Unak78 repped this.
  23. Stan Collins

    Stan Collins Member+

    Joined:
    Feb 26, 1999
    Location:
    Silver Spring, MD
    For what it's worth, I have come up with a format change (but it is, if anything, even 'more American' than the current format) that would probably produce a more empirically confident champion without doing anything to the time frame or the participation. Currently, the two-leg series is decided this way:

    1 Total Goals after 180 minutes
    2 Total Goals after 180+30-minute OT
    3 Penalties

    You could change that to:
    1 Total Points after 2 games
    2 Total Points after 2 games+30-minute OT
    3 Total Goals after 180+30-minute OT

    This change would make the series OT fairly common, and scored basically like a third game. It would occur not just when the goals are level, but any time the two teams split victories (meaning they'd stand 3pts-to-3pts after 180 minutes) regardless of the margin.

    The advantage to higher seeds would be they can more easily survive one bad outing. If they crap the bed on the road leg, they can make it up by winning both the home leg and then the overtime.
     
    henryo and Unak78 repped this.
  24. sidefootsitter

    sidefootsitter Member+

    Joined:
    Oct 14, 2004
    We've been through this discussion before ... but since redundancy is clearer for the second time :

    most soccer play-off/Cup systems are designed with neutrality in mind. UEFA's "goals away" is based precisely on that principle.

    Most postseason systems ought to avoid that trap.

    Personally speaking, I prefer the Mexican version, with the higher point getter getting the total goal tie in a home&away setup. It's simple to understand and provides a marginal but not an insignificant advantage to a higher seed.

    Total points is more suited toward the Best-of-Three, an approach that also has some merit.

    Group Stage makes no sense to a league's postseason.

    Global soccer leagues, as a rule, have two separate competitions - one a round-robin, another a knock-out type.

    The former are championships, the latter are (usually very prestigious) Cups.

    As far as I know, Mexico doesn't have a "Cup" type event. The US does but it's not held in high regard, more of a League Cup rather than the FA.

    Traditional postseason is a combination of both but MLS seems to have chosen the dumbest scheme imaginable.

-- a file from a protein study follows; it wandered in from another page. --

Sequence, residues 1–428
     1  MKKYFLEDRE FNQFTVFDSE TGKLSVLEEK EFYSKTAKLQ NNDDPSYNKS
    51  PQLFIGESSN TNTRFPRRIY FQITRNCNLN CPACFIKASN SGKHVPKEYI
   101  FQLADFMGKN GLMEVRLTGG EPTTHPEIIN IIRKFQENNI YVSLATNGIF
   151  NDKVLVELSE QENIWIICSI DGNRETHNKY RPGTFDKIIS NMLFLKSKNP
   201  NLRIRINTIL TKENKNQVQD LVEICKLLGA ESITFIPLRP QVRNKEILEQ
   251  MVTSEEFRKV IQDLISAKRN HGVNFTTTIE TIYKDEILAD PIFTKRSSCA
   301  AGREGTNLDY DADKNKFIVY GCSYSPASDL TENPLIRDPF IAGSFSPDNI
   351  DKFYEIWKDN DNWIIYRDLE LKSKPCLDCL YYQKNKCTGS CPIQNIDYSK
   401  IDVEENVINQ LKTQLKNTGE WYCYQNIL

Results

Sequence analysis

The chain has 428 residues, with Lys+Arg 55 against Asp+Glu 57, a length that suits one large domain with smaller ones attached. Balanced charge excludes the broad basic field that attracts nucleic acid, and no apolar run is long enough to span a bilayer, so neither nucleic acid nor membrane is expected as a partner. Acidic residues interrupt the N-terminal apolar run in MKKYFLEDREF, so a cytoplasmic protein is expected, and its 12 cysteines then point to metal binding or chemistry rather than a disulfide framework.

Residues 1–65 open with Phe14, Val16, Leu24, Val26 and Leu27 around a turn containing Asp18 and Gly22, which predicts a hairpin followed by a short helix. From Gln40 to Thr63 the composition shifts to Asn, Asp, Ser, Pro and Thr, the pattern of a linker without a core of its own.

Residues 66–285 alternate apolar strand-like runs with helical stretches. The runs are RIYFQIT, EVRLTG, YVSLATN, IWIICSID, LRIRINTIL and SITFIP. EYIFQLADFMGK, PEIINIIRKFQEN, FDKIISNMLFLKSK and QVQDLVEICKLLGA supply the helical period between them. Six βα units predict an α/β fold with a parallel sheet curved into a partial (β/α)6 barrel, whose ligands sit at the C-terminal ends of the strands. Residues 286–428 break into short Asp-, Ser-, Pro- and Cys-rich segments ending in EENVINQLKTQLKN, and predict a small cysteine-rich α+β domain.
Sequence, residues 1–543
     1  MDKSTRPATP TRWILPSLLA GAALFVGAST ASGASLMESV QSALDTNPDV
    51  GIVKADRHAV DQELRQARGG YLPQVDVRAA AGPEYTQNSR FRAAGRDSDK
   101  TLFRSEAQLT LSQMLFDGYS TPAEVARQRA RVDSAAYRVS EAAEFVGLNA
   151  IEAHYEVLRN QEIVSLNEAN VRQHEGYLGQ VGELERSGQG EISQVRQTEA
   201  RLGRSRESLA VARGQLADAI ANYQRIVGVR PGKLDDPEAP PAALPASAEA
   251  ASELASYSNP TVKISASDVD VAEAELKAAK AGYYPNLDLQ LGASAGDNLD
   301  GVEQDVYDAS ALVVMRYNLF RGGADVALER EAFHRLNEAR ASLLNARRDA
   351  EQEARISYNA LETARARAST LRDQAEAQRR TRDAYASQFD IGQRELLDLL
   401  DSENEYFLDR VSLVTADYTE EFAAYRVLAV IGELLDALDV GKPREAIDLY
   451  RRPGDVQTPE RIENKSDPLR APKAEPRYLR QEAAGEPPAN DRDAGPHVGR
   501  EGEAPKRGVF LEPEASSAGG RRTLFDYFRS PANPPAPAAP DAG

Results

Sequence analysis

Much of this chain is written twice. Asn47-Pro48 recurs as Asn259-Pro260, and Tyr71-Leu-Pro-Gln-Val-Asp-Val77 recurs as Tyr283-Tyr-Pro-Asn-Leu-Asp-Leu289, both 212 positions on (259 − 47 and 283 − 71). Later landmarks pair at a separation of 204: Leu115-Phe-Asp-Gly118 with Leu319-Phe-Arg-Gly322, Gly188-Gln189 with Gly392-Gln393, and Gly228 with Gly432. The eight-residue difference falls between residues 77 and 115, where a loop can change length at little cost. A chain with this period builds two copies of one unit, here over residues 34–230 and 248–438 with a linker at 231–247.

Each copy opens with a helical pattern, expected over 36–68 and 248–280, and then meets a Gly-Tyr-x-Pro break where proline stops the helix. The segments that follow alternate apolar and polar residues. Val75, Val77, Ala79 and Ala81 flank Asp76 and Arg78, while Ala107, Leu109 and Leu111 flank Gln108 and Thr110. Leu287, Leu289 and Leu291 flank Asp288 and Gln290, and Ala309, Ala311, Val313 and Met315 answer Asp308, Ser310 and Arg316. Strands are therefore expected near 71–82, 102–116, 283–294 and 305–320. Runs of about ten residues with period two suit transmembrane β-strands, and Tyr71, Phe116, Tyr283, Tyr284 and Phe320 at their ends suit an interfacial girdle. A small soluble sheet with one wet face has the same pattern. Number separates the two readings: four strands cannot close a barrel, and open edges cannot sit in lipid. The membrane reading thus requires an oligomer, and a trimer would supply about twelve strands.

PS. I believe the Packers' home game is about $6M-$7M in revenues (and I don't think the guest team gets the cut)
     
  25. The Artist

    The Artist Member

    Joined:
    Mar 22, 1999
    Location:
    Illinois
    Club:
    DC United
    Country:
    United States
    Yes, yes we have.

    Every year, despite DC's recent suckitude, I get all excited the last week of the season thinking about the playoff matchups and the jockeying for position during the last week and I think that this is truly the best time in the MLS season and then someone tells me it's not that great and if MLS had crowned a "true champion" with three weeks left in the season the league's popularity would explode.

    So here's all the stuff I say every year:
    1)Playoffs are great. They are exciting. In its short history MLS has had so many great playoff games.
    2)Without playoffs the season would end with a whimper most years.
    3)If the EPL had playoffs it would be one of the most watched sporting events in the world (which doesn't mean they should have playoffs; their system is fine the way it is, but a four team playoff between Man U, Man C, Chelsea, and Arsenal would be epic)
    4)I like two-legged playoffs. One game is too short, three games is too long. I know it's not that fair, but so what. If you are a championship team then prove it by beating the teams that are worse than you.
    5)The only change I would make would be to adopt the Mexican tiebreaker. This eliminates PKs and means that one team is always in need of a goal. I understand it might not sit well with some traditional American sports fans, but I think they'd get used to it.
    6)There are so many challenges when designing a playoff system. Rewarding the best teams is not the only factor, though yes it should be a consideration (and it is)
    7)If teams play the 30 minutes of overtime then the higher seed will have played 4/7 of the total series at home, same as baseball, basketball, and hockey.

    And here's a new one for 2012 - There seem to be tangible rewards at each tier of the seeding so that several teams will have something to play for this final week. It's awesome.

    As far as the parity stuff and draft picks - I wish more soccer leagues would become Americanized
     
    Ismitje repped this.
Moderators: edwardgr, Ismitje, KCbus
Thread Status:
Not open for further replies.

Share This Page